Yves Mettler

Yves Mettler is an artist with degrees in art and social sciences whose works have been shown internationally. He has previously published the book My Flowers Aren't Always Hiding Secrets.

  • Atlas Europe Square

    Atlas Europe Square

    Yves Mettler

    An artist examines the plethora of Europe Squares, Europa Places, Places de l'Europe, and Europaplatzes and what they tell us about the ideality of “Europe.”

    If the built environment is a record of our modes of organization and the compromises we make in order to live together, then what are we to make of the plethora of Europe Squares, Europa Places, Places de l'Europe, and Europaplatzes? Public spaces that connect numerous disparate towns and cities through a “supersite” called Europe, they may appear as avatars of an idea in crisis, as “eurocentric values” and the concept of Europe as a unified political space are attacked and eroded from all sides.

    Atlas Europe Square documents a body of work by Swiss artist Yves Mettler who, since 2003, has engaged in an ongoing mapping and documentation of these sites, along with a series of projects triangulating between particular squares, interrogating their differing architectural, environmental, and public functions, and what they tell us about the ideality of “Europe” and the (im)possibility of its concrete instantiation.Here this work is extended into reflections on the relationship between art and public space, site-specificity, and the artist's own implication in the imaginary of Europe as he becomes enmeshed in a network of projects, funds, and public bodies that seek to promote "European culture" through art.Alongside extensive photographic documentation, Atlas Europe Square contains texts by the artist alongside essays by Reza Negarestani, Teresa Pullano, Laurent Thévenot, and Stephen Zepke, discussing Mettler's work.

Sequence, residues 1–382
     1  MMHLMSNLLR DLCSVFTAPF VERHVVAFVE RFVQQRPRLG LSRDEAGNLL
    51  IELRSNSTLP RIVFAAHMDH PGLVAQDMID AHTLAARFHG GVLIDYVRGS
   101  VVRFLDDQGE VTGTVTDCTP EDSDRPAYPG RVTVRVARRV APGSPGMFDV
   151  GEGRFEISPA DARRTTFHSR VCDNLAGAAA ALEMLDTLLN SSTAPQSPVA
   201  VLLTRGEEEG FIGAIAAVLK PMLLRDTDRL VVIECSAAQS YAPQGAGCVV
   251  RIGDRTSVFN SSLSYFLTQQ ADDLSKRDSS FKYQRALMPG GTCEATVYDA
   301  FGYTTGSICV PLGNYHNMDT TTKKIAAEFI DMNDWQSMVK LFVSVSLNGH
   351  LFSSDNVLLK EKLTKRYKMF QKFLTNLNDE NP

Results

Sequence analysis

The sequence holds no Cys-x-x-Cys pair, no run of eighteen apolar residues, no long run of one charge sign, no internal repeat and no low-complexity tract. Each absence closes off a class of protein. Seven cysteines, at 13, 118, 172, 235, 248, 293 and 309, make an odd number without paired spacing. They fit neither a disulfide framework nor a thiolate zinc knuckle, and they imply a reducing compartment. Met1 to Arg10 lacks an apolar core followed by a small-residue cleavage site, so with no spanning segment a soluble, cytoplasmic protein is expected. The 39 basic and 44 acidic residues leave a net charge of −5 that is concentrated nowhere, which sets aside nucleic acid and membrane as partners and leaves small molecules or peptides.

• Paperback $24.95 £20.00

Contributor

  • When Site Lost the Plot

    When Site Lost the Plot

    Robin Mackay

    This collection charts some of the ways in which site continues to be a concern for contemporary practice, and introduces the concept of “plot” as an alternative.

    The critical concept of site-specificity once seemed to harbour the potential for disruption. But site-specific work has become increasingly assimilated into the capitalist logic of regeneration and value creation. The materialist critique of the art object has been shortcircuited by the franchised idiosyncrasies of international nomad flâneurs. And on a planet whose entire surface is mapped and apped, the concept of “site” itself becomes ever more problematic.

    How can we do justice to the particularity of local sites while unearthing their material conditions? What do a contemporary “geo-philosophy” and the historical legacy of site-specific art have to offer each other? Can we develop methods for the controlled unpacking of the local into the global, avoiding trivial reconciliations between local sites and their global conditions? When Site Lost the Plot charts some of the ways in which site continues to be a concern for contemporary practice; and introduces the concept of “plot” as an alternative approach.

    Alongside artists discussing their practice and their approach to site and plot, contributors from various disciplines introduce concepts from cartography, mathematics, film, fiction, design, and philosophy.

    • Paperback $19.95 £15.99